In mid-June I escorted a group of travelers to Ireland, where we enjoyed the best weather in years, a string of perfect sunny and clear days. These were especially long days, as well, since we were there for the summer solstice. It got dark around 11:00 pm. The Euro was at its lowest point of the year, worth only $1.19 (up to $1.33 at this writing). Were we lucky, or what? Below is Ross Castle located along the Ring of Kerry.

Tuesday, December 21, 2010

Summer 2010

Summer began with the Facebook debacle. I joined in order to view a friend’s photo albums, and overnight I received 172 requests to be “friends.” Those I did not respond to immediately got pissed off at me, and I felt as if I were becoming public enemy No. 1, instead of anyone’s friend. In desperation, I pulled the plug on the whole thing, my stint on Facebook lasting less than 48 hours. Sheesh.

The great Virginian and polymath Thomas Jefferson died on July 4 (1826), so I paid homage to him by visiting Poplar Forest, a private retreat from his public life built on land inherited from his wife’s family near Lynchburg. Designed by Jefferson in neo-Palladian style, the house was decked out in bunting on this July 4 weekend, the anniversary of the great man’s death. Years of restoration work have removed architectural alterations by later owners. All that remains is for the house to be furnished.

An overnight stay at Lynchburg’s first-rate Craddock Terry Hotel (member of Historic Hotels of America) capped a great weekend that had begun by participating in a two piano eight hands version of “The Stars and Stripes Forever” during morning worship services at Vienna Presbyterian.

The numbers on the doors are a sure sign that the Craddock Terry Hotel's earlier life was as a shoe factory.

Another house that had just undergone recent restoration work was Fallingwater, the Kaufmann family’s weekend retreat about 90 minutes east of Pittsburgh. Florida Southern, my alma mater, had been designed by Frank Lloyd Wright, so I had a connection to the architect. Since the house was built in 1938, the cantilevered terraces had continued to sag to the point that structural restoration became necessary.

A remarkable thing about Fallingwater is that it is a Wright house still in its original setting (many of his houses have been moved) with all original furnishings, books and artwork intact. Wright designed not just the house, but all the furniture, cabinetry – even the rugs. And they are all on display in their original arrangements. The guest house addition (1939) was of particular interest, and some diligent sleuthing led me to be able to find the location of the Kaufmann family burial vault (unmarked on any site map), with massive bronze doors designed by Swiss sculptor Alberto Giacometti.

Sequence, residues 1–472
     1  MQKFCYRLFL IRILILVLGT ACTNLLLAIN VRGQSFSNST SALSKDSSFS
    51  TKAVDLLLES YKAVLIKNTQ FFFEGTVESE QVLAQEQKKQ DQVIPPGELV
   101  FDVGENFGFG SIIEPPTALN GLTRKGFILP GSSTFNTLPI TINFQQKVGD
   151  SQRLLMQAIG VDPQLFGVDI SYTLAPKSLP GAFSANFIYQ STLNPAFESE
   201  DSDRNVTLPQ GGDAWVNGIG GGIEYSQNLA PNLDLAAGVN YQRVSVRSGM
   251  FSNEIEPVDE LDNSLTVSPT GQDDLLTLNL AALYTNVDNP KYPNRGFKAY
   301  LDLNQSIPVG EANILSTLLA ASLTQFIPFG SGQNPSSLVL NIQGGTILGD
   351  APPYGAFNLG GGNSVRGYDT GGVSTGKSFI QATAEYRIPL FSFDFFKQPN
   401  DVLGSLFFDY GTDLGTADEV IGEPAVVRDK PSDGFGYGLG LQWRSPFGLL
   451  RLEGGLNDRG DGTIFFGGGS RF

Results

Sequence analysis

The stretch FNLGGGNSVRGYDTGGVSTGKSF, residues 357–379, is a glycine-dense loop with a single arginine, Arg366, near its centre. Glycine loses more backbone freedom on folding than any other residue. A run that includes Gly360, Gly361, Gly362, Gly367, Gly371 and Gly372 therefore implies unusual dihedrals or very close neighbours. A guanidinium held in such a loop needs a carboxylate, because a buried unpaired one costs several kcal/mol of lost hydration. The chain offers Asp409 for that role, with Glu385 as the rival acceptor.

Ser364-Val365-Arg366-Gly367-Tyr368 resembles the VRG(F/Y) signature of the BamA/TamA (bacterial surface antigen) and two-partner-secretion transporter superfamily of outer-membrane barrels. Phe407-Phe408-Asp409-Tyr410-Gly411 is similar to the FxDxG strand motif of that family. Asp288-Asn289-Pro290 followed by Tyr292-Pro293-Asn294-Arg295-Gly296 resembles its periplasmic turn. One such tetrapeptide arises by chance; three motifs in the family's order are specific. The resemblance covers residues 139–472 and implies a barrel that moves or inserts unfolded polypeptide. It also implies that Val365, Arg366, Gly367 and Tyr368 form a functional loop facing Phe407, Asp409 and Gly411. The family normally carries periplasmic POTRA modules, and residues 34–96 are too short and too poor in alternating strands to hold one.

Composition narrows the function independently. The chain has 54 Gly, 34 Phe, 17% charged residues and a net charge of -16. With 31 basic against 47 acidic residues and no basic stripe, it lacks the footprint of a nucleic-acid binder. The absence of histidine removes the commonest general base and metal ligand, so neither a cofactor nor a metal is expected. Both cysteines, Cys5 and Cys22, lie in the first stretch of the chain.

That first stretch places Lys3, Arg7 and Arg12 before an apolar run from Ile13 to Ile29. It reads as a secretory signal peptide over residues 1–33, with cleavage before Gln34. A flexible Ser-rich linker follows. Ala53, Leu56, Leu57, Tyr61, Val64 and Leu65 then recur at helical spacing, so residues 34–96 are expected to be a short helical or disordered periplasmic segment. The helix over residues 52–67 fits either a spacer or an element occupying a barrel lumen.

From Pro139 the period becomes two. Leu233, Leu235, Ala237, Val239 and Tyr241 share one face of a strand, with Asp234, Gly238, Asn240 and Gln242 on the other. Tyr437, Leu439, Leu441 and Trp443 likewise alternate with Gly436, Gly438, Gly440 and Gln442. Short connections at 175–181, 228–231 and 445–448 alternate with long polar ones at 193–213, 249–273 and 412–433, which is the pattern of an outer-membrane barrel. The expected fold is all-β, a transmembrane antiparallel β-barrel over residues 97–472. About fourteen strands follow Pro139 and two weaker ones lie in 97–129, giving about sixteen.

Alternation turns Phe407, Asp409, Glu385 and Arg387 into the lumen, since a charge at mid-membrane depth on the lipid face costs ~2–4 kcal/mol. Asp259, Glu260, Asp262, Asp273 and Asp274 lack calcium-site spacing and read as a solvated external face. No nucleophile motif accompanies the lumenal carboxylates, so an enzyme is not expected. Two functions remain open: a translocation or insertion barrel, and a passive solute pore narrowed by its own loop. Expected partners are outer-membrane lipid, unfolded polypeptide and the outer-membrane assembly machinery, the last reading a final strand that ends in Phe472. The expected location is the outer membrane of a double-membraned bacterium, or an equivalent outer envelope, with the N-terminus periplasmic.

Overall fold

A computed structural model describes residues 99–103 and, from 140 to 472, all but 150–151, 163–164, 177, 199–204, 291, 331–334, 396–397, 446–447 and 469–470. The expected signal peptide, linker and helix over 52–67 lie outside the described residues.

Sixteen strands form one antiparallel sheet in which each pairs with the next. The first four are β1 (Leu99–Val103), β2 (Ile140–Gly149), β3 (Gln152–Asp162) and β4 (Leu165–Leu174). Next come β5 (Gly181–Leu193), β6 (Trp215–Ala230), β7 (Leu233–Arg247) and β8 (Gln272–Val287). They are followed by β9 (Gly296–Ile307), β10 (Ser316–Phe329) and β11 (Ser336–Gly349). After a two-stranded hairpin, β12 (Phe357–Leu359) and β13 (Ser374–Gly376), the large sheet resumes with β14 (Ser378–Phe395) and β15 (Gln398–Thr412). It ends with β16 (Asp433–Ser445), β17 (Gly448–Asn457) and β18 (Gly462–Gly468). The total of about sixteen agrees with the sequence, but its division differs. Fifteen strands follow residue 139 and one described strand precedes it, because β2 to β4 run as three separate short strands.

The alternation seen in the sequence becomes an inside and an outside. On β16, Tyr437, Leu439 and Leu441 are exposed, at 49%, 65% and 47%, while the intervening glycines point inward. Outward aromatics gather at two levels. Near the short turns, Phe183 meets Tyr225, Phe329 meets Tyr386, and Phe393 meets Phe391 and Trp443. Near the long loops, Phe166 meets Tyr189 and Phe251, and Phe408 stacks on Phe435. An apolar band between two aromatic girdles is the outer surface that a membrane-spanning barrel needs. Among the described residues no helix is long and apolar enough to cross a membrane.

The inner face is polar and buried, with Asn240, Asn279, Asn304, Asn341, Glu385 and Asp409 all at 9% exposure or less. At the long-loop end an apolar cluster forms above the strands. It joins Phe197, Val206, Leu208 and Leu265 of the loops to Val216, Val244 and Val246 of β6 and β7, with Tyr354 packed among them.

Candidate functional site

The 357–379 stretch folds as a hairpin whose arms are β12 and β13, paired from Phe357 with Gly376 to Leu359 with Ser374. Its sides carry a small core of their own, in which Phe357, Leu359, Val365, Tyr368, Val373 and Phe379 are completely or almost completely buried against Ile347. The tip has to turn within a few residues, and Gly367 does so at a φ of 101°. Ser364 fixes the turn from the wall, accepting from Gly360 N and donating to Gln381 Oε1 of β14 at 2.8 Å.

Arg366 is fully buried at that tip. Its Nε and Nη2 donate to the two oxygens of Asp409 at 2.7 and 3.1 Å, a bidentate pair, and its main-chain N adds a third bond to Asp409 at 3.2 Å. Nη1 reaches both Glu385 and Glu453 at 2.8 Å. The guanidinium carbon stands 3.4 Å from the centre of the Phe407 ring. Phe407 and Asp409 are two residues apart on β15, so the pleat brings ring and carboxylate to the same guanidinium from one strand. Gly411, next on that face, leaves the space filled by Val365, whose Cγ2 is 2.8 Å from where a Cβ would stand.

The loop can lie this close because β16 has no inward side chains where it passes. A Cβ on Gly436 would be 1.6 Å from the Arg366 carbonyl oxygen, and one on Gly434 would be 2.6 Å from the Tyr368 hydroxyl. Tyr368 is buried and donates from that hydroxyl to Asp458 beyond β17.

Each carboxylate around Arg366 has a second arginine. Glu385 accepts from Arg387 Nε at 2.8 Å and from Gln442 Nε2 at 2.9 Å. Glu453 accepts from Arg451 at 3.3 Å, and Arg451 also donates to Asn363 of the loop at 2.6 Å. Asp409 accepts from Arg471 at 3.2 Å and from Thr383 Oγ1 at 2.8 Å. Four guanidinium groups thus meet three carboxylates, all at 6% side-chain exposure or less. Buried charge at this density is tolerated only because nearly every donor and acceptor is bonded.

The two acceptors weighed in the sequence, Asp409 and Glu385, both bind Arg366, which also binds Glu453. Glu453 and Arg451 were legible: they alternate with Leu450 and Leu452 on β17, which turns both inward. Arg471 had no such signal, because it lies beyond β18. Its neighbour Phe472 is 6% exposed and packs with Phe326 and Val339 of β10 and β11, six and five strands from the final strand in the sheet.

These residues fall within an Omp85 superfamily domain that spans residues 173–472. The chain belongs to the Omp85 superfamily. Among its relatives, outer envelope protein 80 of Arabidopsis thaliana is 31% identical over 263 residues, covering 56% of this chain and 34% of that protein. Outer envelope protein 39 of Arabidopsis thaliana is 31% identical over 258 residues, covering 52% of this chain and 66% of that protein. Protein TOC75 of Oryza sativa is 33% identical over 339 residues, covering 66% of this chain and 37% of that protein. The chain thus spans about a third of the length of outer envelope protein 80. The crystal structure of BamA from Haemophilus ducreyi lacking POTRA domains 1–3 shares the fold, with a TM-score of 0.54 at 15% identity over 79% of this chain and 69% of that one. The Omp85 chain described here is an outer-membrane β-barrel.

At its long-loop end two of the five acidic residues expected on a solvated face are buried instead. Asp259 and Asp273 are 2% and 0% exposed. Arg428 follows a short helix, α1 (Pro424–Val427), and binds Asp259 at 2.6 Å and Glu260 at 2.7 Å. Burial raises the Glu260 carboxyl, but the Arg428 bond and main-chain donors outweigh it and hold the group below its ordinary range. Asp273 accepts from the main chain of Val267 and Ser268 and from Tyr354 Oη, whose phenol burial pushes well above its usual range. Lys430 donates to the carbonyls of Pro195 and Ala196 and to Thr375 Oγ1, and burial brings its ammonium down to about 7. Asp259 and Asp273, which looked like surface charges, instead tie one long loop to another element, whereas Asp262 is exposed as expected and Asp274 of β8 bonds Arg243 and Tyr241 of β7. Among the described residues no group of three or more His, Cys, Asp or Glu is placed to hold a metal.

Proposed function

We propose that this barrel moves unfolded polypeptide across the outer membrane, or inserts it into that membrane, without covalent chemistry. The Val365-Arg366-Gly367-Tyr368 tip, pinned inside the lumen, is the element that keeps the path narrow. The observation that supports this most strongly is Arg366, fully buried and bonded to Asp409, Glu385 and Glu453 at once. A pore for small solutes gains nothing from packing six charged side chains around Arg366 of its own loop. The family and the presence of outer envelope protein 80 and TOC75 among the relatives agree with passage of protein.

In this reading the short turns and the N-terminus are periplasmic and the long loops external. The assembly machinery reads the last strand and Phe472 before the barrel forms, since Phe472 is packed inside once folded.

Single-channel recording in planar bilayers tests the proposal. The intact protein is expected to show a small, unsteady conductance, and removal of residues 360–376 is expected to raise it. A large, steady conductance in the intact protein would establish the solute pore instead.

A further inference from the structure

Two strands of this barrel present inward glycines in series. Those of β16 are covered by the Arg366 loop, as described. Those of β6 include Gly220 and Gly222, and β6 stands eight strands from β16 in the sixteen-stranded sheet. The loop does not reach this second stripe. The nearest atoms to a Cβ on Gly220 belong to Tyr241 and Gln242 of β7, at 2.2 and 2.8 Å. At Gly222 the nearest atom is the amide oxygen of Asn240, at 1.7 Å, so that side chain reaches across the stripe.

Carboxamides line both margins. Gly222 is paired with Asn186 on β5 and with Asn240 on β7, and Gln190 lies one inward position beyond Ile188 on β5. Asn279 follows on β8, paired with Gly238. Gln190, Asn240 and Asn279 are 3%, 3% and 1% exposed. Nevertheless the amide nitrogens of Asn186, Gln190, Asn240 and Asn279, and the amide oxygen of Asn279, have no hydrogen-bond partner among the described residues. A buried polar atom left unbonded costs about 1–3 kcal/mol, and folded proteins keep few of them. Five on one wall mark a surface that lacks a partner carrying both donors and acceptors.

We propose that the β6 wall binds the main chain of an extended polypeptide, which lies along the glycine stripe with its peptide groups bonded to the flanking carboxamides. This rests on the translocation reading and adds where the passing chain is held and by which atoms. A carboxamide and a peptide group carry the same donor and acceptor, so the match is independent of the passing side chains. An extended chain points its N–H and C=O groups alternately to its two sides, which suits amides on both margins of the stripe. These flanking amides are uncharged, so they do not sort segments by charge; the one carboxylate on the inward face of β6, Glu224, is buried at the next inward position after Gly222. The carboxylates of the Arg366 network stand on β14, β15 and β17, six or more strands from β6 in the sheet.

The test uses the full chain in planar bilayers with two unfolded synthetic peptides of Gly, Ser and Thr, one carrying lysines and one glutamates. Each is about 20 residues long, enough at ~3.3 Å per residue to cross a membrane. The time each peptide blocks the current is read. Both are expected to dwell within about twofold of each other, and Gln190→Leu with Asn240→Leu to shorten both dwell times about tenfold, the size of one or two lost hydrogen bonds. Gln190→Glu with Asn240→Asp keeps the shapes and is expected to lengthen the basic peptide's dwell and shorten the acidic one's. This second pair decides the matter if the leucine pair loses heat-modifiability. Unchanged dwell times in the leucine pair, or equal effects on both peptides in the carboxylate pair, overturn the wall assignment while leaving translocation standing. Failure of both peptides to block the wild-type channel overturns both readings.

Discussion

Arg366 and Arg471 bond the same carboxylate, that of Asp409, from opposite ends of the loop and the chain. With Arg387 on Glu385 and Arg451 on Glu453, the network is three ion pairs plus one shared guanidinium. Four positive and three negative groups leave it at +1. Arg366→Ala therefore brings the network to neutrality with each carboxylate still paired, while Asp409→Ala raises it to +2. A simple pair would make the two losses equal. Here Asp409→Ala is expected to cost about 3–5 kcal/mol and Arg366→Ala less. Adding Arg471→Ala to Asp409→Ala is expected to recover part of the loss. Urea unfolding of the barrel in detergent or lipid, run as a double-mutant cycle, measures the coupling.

While in the Alleghenies, I took a 32-mile day trip on the Western Maryland Scenic Railroad, riding in a vintage passenger car behind a Baldwin coal-fired steam locomotive dating from 1916. I was testing the waters for a possible 80th birthday excursion for my mother come October.

I returned to Pennsylvania in August for a stay at the Bedford Springs Resort, a social spa destination with original structures from 1806. President James Buchanan made the hotel his “Summer White House” from 1857-1861; the original desk from his room is displayed in the lobby. The hotel itself is a connected string of seven buildings running more than 600 feet in length.

After its closure in 1987, the historic property had become derelict and was slated for demolition. A last minute rally (and $120 million) saved the property, which reopened in 2007. To round out the spa circuit, I revisited both the Greenbrier (WV) and Homestead (VA) resorts, which had been favored golfing destinations of my parents. I was able to tour the once secret "bunker" underground government facility at the Greenbrier. My base for this excursion was the Inn at Gristmill Square in Warm Springs, VA, near the Garth-Newel music center, which I first visited when Luca and Arlene DiCecco ran it.

In late August I traveled to San Francisco to hear Danielle Talamantes sing her first Violetta in La Traviata. Her performance was unforgettable, both dramatically and vocally, and I was happy to represent the home team as an ambassador from Vienna. I met up with her mother Pat and sister Angela, who had driven over from Nevada.

My travel pal Rob (and vocal student of Ms. Talamantes) and I are diehard car afficionados, so we visited the Blackhawk Museum in the East Bay area to see their astonishing collection of million-dollar vintage automobiles (classic Mercedes cabriolet at right). We were stunned to see the same 1933 Pierce Arrow that had been on display in Atlanta at the High Museum. It is a testament to the drawing power of Ms. Talamantes that we tore ourselves away in time to make the curtain for her opera performance.

Cars continued to play a part in my summer, as a fine collection of vintage Jaguars were assembled at Reston Town Center on Labor Day weekend.

Monday, December 20, 2010

Autumn 2010

In late September the installation of the Palm Beach residential design job took place, culminating sixteen months of work. I was a bit like giving birth, since I had specified every door knob, floor tile, stone surface, cabinetry, towel bar and even TP holders. It was also the first time I had designed fireplace surrounds and a residential wine bar room (complete with iron gates, sand textured walls and a papered ceiling). I am especially proud of the design of the office fireplace, and the craftsmanship of the local artisans who fabricated it.